HOMESTEAD, Fla. -- This might be your last chance, fans. Speak out now or forever hold your peace.
NASCAR likely will make tweaks to the Chase format for next season, although probably not changes as extensive as initially assumed when chairman Brian France said in July that the governing body was looking at ways to create a Game 7 atmosphere.
Officials likely will expand the playoff field from 12 to 15 and reset the points with two or three races remaining to guarantee there is another drama-filled finish such as the one we have going into Sunday's finale at Homestead-Miami Speedway.
All you have to do is talk to drivers and team owners and listen to what France said Friday to understand that something is coming.
"What's really clear to me is when you put drivers in a position where there's a lot on the line, and they just can't have a good position and they actually have got to go out and win or lead laps or compete high, they do it," France said. "You're seeing that the last several weeks and I bet that's the case on Sunday.
"So that tells us that the more we can do, to have incentives -- an incentive basis and decide this championship, that puts it all on the line more often -- that's what we need to be thinking about."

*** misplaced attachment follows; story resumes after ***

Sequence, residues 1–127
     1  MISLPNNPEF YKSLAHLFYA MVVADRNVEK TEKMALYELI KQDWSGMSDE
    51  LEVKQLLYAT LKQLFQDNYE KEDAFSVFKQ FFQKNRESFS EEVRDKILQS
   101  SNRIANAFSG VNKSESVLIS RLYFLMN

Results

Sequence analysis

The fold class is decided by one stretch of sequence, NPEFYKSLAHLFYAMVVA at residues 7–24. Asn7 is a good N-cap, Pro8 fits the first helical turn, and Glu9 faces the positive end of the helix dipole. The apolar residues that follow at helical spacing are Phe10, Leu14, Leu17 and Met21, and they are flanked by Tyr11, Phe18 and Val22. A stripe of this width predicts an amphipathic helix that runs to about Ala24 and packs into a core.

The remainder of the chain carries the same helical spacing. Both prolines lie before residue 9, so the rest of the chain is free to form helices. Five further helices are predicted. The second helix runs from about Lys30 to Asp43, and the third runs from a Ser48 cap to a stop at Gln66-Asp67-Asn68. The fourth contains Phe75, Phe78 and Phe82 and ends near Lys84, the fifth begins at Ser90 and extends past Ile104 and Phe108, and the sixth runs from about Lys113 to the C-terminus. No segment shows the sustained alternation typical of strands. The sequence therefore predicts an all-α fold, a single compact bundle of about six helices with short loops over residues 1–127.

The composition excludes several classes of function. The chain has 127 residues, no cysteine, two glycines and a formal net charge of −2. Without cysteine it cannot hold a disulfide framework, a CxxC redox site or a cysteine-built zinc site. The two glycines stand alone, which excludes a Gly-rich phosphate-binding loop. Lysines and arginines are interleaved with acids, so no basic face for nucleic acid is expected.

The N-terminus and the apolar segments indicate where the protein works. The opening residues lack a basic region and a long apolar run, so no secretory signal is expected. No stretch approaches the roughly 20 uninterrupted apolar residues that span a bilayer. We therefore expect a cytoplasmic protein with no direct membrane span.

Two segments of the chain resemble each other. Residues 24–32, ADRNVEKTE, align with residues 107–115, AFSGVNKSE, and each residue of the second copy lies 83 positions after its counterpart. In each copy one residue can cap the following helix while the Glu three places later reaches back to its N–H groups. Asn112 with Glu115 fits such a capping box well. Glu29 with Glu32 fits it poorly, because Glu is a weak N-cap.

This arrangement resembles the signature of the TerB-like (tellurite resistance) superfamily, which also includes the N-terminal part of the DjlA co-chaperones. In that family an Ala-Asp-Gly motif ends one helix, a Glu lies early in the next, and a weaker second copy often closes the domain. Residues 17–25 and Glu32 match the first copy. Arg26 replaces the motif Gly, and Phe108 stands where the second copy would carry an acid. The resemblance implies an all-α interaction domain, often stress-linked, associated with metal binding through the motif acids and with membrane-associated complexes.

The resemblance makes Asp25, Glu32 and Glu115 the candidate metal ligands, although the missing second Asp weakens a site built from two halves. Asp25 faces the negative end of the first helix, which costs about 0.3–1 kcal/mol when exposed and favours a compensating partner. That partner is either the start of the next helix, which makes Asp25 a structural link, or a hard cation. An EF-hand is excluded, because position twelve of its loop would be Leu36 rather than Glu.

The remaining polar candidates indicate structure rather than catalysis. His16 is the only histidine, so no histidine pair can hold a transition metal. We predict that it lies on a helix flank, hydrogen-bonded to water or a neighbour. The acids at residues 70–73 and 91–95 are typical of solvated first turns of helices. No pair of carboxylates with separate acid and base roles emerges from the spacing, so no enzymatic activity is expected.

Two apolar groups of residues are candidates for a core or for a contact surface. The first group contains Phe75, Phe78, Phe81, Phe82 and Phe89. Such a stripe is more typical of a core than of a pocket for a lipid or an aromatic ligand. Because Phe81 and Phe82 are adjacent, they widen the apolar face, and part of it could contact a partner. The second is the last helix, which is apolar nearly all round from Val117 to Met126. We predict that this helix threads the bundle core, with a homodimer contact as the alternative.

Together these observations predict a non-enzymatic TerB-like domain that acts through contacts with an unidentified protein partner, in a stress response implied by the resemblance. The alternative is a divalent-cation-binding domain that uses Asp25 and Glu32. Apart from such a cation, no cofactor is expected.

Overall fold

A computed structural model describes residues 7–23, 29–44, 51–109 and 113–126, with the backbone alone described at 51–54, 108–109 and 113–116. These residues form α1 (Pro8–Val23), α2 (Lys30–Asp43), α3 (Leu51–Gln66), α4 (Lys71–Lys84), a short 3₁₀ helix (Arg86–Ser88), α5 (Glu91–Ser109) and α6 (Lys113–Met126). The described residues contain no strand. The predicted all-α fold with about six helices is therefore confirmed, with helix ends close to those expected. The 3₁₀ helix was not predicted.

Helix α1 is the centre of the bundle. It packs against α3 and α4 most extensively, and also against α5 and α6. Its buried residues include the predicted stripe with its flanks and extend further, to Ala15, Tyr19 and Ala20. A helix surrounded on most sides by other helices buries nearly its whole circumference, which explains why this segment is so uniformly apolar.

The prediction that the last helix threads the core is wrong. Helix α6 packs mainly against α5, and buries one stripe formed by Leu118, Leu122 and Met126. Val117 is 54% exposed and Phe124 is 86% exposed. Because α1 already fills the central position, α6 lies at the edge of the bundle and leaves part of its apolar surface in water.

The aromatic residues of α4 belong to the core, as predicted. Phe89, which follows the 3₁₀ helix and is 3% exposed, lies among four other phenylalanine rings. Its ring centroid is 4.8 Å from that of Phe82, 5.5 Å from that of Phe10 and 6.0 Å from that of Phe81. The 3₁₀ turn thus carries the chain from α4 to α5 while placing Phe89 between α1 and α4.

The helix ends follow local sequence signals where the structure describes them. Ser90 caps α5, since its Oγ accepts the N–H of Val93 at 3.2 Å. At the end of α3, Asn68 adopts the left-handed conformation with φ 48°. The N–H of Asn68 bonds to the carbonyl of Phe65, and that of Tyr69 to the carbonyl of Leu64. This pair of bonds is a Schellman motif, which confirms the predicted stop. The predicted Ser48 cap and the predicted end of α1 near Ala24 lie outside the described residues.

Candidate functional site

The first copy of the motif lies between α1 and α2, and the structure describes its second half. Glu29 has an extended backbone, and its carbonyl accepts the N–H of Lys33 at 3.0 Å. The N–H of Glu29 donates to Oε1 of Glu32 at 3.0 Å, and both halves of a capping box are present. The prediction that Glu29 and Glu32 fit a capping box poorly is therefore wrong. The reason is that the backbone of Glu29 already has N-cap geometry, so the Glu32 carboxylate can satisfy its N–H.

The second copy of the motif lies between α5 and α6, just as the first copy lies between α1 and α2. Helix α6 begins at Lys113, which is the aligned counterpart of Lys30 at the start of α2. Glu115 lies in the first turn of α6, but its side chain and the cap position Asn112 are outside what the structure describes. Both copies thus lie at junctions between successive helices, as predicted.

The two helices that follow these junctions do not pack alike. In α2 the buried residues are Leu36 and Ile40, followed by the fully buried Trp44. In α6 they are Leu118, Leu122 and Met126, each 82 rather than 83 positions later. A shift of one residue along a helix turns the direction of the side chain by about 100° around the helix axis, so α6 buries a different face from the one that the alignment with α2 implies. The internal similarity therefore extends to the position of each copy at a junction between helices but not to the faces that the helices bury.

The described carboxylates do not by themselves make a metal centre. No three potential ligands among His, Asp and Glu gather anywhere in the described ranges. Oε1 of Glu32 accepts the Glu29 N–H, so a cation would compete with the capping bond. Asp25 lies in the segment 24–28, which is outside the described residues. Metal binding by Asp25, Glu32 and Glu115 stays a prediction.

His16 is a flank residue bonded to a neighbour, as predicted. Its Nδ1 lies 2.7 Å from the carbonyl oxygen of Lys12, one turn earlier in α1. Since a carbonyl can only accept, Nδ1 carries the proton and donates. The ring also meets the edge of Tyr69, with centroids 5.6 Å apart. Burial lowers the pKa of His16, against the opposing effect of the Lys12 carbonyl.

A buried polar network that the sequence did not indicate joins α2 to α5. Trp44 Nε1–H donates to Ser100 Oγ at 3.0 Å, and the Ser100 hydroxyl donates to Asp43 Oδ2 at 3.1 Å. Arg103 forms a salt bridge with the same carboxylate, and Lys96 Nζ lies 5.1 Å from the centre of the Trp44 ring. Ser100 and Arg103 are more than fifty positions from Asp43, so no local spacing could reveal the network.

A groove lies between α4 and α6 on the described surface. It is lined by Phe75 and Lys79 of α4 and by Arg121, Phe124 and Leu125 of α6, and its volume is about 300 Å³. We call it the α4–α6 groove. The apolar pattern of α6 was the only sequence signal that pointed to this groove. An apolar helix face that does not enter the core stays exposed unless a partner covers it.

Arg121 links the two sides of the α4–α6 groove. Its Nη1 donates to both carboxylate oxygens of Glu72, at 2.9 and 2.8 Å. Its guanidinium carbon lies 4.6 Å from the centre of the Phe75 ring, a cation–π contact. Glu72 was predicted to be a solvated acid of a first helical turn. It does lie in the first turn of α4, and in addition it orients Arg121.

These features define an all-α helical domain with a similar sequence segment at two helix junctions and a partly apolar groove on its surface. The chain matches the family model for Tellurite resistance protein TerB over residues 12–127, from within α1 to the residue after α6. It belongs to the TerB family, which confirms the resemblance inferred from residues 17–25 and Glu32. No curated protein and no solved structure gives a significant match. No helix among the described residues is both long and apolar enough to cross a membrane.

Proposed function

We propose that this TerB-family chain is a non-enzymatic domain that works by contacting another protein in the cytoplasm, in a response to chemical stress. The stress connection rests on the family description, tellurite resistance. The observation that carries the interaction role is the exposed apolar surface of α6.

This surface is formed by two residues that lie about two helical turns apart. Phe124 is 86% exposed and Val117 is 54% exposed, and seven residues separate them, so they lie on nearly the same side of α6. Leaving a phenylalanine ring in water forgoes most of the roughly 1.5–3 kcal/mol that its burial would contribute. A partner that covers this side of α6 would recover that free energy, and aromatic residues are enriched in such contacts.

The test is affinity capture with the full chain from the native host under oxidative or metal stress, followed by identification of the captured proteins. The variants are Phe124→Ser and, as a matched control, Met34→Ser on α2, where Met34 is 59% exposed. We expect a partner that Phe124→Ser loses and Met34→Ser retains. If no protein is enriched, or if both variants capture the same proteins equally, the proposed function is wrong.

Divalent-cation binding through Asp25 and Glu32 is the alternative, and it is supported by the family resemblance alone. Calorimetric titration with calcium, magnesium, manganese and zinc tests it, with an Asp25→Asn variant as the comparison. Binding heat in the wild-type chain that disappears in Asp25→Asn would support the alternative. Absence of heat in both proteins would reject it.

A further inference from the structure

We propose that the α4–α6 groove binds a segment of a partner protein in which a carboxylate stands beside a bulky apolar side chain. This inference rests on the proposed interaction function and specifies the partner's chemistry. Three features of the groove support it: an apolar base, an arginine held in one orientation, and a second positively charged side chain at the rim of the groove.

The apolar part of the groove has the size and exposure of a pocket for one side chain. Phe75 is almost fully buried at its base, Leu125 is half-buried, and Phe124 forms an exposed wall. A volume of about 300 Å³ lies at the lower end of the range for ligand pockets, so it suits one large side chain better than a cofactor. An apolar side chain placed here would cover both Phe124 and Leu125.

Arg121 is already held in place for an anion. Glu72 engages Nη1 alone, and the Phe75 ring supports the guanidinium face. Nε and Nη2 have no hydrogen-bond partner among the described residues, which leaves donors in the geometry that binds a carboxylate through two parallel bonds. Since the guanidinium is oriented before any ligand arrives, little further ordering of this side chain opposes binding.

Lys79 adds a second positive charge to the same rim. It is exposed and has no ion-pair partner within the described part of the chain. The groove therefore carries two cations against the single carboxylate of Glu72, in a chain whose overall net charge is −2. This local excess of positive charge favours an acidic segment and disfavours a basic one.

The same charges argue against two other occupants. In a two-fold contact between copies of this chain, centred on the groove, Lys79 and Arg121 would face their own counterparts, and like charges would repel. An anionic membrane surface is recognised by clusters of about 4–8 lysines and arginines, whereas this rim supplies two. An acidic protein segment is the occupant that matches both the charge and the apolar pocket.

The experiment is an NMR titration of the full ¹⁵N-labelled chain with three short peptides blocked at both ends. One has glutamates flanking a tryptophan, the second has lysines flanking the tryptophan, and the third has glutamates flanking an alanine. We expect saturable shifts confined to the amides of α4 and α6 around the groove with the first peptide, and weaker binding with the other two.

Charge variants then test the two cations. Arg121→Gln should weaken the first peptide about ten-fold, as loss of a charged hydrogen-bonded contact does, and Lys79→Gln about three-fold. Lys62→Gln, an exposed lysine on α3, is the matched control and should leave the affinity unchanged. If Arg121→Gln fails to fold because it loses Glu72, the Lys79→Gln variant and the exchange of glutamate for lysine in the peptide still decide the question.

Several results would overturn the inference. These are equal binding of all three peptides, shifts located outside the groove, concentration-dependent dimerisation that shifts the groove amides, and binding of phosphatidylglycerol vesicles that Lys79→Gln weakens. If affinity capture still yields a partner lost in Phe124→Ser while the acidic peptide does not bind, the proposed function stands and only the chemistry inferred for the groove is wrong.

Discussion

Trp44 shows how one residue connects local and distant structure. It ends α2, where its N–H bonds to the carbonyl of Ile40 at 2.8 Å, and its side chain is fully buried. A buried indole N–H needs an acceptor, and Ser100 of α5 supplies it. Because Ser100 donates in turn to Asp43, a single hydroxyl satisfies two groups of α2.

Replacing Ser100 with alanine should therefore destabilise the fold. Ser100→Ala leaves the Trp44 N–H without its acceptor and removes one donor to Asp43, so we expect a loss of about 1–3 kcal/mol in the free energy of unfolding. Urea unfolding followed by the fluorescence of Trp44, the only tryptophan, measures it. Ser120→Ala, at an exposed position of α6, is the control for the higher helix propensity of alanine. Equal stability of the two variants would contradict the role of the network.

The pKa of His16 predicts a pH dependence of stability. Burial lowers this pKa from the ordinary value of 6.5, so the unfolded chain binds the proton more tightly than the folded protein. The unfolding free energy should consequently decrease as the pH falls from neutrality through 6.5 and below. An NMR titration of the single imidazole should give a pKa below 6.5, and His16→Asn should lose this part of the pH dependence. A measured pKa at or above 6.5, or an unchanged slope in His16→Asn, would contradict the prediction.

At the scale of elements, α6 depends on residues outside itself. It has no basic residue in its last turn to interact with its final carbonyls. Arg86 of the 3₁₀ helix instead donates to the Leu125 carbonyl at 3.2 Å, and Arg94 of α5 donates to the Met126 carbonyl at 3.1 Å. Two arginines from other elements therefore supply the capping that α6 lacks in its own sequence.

But are these changes needed? Isn't what we're seeing with Denny Hamlin leading Jimmie Johnson by 15 points and Kevin Harvick by 46 proof that things should be left alone, that Game 7 scenarios such as this one should come naturally without gimmicks?
France will tell you creating this drama is "exactly what drivers want," even though Clint Bowyer started off Friday's media gatherings by saying, "I don't think they need to change the Chase." France will tell you it's what members of NASCAR's fan council and fans in general want.
When it was suggested that there are fans who not only don't want to see changes but would like to see the Chase eliminated, France scoffed.
"You met somebody that's telling you that?" he asked.
Well, yeah. Hundreds, if not thousands. Just read some of the comments from our readers.
"OK," France said.
Let me rephrase: NASCAR turned off many fans with changes between 2004 and 2007, from adding the Chase to the new generic car. Is there a risk of turning off more fans with additional changes, particularly with the way this Chase has played out?